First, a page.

Archive for September, 2016
September 6, 2016
A central claim that Stephen Ceci made about his research in 1993 was that his laboratory experiments involving child suggestibility “paled in comparison” to what happened in the Kelly Michaels case. If he admitted that what he did in the laboratory was actually much more repetitive and suggestive than the Michaels interviews, then the applicability of his research to the Michaels case would be questionable.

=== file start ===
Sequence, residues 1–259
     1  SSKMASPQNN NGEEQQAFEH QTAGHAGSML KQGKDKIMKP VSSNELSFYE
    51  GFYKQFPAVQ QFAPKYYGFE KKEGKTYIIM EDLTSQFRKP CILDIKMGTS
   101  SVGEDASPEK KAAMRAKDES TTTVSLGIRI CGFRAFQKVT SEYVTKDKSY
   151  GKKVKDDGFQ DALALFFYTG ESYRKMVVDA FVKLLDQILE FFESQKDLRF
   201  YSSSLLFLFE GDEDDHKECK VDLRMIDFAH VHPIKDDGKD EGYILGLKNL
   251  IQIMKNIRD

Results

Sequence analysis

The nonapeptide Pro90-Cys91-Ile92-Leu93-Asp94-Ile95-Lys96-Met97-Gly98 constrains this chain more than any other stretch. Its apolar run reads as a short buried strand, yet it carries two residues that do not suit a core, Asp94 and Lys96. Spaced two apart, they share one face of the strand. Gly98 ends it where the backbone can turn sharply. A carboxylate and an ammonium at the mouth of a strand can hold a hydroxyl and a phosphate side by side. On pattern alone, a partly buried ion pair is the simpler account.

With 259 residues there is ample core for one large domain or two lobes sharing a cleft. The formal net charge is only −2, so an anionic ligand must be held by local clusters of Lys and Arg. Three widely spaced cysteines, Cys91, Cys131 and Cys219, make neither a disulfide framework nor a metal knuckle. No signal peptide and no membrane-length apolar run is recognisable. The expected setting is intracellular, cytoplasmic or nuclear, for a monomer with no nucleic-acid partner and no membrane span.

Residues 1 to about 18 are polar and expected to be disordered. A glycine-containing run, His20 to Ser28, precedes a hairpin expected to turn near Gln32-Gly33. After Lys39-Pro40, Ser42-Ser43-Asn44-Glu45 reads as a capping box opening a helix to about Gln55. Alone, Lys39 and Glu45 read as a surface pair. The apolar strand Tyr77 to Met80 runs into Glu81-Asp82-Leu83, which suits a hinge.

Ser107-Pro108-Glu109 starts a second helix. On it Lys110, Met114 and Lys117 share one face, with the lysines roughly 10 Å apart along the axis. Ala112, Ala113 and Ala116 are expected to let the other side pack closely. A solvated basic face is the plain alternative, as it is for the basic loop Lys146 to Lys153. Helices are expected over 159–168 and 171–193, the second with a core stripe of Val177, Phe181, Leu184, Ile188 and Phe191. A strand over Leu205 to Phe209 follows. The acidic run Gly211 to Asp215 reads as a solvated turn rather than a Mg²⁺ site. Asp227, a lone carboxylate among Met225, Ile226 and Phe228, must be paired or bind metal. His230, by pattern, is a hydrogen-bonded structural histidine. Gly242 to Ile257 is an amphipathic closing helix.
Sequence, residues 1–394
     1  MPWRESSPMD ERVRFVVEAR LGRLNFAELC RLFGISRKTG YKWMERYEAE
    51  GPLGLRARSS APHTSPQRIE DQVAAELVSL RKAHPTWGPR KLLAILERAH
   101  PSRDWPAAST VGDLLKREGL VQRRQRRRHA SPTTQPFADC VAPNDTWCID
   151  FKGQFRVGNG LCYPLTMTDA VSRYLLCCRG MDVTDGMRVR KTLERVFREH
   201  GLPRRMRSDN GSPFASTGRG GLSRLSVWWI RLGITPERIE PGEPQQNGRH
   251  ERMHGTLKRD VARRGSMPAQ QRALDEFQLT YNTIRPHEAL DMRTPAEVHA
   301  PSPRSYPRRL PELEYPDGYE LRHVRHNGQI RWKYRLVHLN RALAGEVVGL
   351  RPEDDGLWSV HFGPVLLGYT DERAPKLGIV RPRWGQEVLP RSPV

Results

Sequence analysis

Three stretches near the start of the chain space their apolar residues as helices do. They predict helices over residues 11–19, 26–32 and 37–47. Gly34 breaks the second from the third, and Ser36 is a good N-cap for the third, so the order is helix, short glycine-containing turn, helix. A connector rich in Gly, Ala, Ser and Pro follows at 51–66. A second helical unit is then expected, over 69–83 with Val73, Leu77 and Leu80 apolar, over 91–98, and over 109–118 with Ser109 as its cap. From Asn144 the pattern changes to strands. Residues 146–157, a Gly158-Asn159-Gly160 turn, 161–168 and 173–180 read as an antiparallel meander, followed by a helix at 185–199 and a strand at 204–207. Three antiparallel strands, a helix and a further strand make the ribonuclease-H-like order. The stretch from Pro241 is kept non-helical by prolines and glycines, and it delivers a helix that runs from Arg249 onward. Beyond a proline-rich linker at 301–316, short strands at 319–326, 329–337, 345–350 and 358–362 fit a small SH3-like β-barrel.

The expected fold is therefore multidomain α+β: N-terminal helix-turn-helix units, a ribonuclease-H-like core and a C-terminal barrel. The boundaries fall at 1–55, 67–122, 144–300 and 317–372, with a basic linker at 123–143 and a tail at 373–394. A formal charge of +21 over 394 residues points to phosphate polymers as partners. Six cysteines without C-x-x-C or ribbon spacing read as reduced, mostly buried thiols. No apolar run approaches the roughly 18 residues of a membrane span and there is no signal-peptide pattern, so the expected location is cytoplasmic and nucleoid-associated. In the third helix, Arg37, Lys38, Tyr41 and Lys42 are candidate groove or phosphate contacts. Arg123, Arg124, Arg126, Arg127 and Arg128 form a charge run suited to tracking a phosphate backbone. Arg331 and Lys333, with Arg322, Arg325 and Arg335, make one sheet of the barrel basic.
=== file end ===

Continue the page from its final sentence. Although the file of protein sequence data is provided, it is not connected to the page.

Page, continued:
My book proves that the experiments he described were far more suggestive and repetitive than the investigative interviews in the Michaels case (see Cheit, 2014, pp. 274-275). Ceci’s experiment involved telling children week after week, for ten weeks, that something had happened to them. A minority of those children appeared to accept the suggestion after ten weeks. But no child in Kelly Michaels was interviewed that much or that way. So the claim that his laboratory experiments “pale” in comparison to the Michaels case is demonstrably false. Read the rest of this entry »